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April 2011

  • April 9, 2011
  • Written by

I’m sure everyone is tired of our rotten weather and are anxious for spring, particularly with the warmer temperatures in April. I’m sure some people are very concerned that there will be an abundance of water, delaying the opening of golf courses and parks. The ground saturated by last summer’s rains won’t help either.

Over the winter we saw a number of golf courses trying desperately to find a superintendent for the coming year. This continues to be a difficult task, particularly since our economic picture is so strong in our province. The oil patch, with its high wages and strong benefit packages, continues to attract superintendents especially from nine-hole courses.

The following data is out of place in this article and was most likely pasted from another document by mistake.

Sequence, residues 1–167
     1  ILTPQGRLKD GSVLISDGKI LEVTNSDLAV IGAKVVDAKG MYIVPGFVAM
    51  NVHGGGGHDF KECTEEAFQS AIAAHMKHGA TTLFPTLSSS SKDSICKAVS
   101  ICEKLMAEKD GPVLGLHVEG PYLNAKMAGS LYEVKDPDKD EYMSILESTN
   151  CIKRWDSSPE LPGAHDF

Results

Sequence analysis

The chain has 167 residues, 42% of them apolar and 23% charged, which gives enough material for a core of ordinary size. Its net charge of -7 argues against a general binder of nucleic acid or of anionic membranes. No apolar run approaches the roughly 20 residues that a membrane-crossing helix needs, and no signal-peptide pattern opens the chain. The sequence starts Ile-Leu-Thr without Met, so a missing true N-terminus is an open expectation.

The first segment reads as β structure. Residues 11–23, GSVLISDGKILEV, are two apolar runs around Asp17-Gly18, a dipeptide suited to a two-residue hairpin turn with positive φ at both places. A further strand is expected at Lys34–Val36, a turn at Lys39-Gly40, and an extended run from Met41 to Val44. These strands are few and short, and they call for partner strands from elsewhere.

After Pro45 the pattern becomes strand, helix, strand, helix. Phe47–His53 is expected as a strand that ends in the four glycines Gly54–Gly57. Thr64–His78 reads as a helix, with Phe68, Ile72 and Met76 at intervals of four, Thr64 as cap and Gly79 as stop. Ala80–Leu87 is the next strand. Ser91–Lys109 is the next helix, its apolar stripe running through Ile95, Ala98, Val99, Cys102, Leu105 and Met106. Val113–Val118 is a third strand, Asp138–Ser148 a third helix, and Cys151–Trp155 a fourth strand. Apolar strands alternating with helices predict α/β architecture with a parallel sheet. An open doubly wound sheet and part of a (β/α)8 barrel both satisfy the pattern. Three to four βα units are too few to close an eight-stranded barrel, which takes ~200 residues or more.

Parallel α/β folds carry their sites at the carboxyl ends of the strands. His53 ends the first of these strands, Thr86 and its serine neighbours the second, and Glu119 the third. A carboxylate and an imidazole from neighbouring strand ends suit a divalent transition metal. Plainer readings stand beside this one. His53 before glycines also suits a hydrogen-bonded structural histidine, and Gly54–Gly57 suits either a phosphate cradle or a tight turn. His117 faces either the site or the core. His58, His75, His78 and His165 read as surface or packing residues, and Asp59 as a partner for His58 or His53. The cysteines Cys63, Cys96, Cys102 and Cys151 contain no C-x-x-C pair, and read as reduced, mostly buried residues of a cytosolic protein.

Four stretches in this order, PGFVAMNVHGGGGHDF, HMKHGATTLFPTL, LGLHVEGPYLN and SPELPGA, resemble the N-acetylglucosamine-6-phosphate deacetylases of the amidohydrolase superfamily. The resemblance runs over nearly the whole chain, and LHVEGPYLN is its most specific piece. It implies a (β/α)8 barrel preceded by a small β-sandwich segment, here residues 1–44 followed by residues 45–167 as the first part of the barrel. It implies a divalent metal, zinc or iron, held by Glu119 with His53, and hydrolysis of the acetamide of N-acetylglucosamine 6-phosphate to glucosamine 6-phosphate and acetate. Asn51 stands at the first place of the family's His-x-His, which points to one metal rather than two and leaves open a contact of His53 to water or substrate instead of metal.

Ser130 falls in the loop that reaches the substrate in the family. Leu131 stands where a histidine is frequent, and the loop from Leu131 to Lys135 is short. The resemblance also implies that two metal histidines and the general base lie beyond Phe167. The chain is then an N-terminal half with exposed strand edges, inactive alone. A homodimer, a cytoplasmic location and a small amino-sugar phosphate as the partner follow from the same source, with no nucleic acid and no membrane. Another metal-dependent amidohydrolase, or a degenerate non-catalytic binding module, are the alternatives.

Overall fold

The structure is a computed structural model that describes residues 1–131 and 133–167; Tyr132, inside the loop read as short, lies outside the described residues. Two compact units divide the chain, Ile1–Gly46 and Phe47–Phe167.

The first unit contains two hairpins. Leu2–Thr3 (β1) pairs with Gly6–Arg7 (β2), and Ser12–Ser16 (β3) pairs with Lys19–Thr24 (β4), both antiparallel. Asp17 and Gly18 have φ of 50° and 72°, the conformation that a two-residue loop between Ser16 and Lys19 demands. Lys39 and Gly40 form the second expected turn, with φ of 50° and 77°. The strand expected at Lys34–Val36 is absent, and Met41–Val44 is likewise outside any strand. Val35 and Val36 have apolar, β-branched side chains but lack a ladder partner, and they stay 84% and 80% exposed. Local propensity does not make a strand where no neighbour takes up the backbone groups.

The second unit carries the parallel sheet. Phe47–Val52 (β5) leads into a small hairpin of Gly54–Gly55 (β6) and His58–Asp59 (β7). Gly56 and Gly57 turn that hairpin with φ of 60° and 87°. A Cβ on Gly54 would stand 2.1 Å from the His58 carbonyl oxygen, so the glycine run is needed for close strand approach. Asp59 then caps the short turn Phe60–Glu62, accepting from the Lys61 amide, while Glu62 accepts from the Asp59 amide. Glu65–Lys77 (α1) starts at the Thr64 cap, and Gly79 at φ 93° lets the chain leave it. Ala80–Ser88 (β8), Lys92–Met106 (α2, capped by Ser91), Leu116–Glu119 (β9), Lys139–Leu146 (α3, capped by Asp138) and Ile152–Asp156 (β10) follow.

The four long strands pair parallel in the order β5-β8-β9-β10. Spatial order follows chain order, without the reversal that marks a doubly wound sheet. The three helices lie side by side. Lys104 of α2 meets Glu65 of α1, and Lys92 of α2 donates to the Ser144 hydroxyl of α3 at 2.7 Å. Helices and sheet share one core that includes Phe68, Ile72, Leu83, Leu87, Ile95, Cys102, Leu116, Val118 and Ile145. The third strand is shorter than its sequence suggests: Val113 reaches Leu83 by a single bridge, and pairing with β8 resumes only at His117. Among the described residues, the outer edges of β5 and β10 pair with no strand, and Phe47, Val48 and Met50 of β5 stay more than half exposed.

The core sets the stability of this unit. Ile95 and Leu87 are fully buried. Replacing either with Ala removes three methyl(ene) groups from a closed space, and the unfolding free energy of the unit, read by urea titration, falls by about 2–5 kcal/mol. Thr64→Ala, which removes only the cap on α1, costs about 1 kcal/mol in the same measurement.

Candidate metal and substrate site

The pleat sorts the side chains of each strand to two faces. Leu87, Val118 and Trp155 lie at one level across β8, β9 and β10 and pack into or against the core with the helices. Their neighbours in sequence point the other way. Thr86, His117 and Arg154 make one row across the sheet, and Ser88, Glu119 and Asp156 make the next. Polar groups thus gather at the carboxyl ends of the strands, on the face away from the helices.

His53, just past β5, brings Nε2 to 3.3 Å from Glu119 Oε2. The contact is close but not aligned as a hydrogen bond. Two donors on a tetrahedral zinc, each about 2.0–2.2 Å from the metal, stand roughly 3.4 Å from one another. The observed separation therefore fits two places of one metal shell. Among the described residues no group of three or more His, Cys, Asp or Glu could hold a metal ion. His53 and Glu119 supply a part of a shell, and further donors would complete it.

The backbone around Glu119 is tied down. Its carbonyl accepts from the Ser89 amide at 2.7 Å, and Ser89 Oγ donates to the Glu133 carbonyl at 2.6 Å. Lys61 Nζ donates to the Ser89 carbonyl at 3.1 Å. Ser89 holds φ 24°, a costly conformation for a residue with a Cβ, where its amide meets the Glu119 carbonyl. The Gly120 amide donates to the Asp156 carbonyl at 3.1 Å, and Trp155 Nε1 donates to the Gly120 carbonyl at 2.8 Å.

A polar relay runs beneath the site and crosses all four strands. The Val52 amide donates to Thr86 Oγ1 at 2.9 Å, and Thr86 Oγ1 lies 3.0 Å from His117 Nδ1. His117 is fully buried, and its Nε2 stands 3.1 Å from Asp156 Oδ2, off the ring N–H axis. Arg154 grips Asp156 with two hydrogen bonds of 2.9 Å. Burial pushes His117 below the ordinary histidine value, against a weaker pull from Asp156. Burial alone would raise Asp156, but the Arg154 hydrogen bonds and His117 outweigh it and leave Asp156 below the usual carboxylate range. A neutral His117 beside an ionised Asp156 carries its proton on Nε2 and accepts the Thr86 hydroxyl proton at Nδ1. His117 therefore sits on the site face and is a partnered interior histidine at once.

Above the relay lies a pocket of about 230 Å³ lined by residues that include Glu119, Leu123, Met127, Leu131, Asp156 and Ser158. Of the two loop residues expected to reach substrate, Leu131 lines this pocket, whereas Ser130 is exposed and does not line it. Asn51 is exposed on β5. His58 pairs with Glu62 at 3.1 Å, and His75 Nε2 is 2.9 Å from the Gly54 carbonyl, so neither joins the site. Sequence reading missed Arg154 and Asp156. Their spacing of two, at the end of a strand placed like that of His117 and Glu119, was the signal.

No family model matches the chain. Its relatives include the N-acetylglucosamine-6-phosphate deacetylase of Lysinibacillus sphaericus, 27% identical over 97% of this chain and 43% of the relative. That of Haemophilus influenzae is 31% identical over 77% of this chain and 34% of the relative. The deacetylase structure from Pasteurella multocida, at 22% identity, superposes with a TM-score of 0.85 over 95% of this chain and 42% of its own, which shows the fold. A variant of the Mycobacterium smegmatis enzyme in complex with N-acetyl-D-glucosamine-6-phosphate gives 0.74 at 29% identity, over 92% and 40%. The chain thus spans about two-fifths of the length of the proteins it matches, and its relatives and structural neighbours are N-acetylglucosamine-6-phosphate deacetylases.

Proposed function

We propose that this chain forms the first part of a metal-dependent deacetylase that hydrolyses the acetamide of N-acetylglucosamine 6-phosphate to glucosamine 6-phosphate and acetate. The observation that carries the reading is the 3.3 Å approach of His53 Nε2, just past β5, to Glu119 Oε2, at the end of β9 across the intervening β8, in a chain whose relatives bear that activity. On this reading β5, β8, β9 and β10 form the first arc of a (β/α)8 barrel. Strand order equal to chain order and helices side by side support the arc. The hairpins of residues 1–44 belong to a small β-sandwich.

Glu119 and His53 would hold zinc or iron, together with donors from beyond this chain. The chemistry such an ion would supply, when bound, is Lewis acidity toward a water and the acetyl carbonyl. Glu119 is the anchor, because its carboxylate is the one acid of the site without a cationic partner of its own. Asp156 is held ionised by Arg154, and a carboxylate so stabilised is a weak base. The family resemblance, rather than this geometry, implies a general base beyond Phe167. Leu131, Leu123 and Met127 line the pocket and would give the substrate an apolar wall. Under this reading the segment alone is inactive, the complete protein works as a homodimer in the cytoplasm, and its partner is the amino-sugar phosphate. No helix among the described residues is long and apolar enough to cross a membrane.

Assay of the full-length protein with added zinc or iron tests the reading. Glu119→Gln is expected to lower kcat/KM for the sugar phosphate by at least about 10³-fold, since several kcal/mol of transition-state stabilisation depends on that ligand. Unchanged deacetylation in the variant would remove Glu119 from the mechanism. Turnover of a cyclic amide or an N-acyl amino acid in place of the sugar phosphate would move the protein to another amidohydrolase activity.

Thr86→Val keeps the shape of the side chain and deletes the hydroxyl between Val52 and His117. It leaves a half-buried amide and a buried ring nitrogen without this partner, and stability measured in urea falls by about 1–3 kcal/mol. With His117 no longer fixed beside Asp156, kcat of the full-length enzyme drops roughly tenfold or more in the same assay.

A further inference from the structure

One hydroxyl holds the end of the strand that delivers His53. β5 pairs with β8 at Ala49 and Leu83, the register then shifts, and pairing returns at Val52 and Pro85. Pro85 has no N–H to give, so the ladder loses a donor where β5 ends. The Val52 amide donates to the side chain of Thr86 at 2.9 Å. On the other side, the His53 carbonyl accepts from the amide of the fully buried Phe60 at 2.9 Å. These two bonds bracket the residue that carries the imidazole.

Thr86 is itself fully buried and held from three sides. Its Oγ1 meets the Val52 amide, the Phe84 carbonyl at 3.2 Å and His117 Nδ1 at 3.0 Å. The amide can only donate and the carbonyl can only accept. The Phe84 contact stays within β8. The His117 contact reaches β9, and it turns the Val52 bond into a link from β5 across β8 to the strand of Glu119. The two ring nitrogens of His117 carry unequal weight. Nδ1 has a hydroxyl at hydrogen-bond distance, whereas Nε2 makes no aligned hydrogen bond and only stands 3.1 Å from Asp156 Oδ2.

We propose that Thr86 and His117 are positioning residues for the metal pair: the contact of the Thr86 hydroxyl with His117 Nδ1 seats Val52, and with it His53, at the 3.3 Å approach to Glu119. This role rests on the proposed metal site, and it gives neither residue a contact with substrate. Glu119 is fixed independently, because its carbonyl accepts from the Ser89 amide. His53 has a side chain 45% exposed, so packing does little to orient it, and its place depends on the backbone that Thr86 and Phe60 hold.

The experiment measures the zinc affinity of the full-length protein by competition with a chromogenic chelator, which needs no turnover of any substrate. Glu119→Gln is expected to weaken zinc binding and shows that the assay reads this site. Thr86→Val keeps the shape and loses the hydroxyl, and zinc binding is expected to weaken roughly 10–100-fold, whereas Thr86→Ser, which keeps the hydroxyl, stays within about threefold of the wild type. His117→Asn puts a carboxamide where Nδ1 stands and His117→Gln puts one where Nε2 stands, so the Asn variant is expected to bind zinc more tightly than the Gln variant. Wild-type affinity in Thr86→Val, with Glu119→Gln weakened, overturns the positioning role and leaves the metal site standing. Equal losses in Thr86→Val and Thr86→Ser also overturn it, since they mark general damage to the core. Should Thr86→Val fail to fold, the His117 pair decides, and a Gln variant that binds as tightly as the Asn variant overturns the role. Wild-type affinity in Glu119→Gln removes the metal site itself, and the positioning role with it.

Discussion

Labour is the biggest line item in virtually any budget,
consuming at least 50% of a golf course budget. Most golfers who want to play on a well conditioned golf course fail to realize the implication of labour costs for near-perfect playing conditions. People are reluctant to raise green fees to offset labour costs for fear golfers will go somewhere else to play.

Did you know there are approximately 300,000 American Elms planted in villages,
towns and cities throughout Saskatchewan? Of those, roughly 50,000 are in Saskatoon and 100,000 in Regina. The oldest planted American Elms in our province are relatively young when compared with the normal mature age for the species; under ideal conditions these trees can live more than 400 years. That’s a bunch older than I am.

Continually we hear about food products, meat, or vegetables that may be contaminated with bacteria responsible for botulism in humans. This only proves there are much larger issues In food safety than the use of pesticides by licensed applicators.